Researchers at Chichen Itza, a massive Mayan city founded over 1,400 years ago on the Yucatan Peninsula, Mexico, have discovered a new secret passage that may be connected to an underground cave at the Temple of Kukulkan. The discovery was made by underwater archaeologist Guillermo de Anda and his team of researchers from the Great Mayan Aquifer Project, who used advanced imaging techniques, such as lidar, to uncover the hidden passageway. Water-filled caves known as cenotes were sometimes used in Mayan sacrificial rituals and the researchers hope to find evidence of such practices as well as additional information about how the Mayans lived.
The team originally uncovered the passageway by using lidar, a form of radar that sends electromagnetic signals through walls and other structures within Kulkulkan to create a virtual map of the temple’s interior. Now that they are aware of the passageway’s existence, the researchers are hoping to pinpoint its location and explore the passageway in person. In an interview with El Universal, Dr. de Anda stated that the Mayans likely sealed the passageway themselves, adding intrigue to what might be discovered behind these closed doors.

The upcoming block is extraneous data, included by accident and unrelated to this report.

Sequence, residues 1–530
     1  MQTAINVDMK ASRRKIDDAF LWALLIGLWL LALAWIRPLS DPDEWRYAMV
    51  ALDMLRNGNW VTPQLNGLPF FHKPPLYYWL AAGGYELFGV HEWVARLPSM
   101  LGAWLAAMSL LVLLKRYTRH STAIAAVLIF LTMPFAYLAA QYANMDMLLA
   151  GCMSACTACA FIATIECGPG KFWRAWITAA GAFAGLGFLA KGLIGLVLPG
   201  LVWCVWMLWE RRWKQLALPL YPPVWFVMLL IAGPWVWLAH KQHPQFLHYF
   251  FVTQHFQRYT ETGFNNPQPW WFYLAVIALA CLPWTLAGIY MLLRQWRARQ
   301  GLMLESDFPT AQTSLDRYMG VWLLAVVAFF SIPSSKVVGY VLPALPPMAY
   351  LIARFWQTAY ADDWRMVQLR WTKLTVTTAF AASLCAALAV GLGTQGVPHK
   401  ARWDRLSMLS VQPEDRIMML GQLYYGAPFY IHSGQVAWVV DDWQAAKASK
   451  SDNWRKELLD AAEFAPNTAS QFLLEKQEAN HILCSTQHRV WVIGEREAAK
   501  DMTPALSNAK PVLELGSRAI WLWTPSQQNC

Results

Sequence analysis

The pyramidal Temple of Kulkulkan was built to honor the Mayan serpent god Kulkulkan, of which little is known by modern people. Researchers originally discovered the cenote which lies beneath the 1,000-year-old Kulkulkan in 2015. There is concern that the water-filled cenote, which is fed by an underground river, may be threatening the integrity of the ground on which the temple stands, threatening it with collapse. Some archaeologists suggest that the Temple was deliberately built over the cenote because it was believed that the river that flows below occupied the center of the Mayan universe, nurturing the roots of the “tree,” or temple, above.
Via the Daily Mail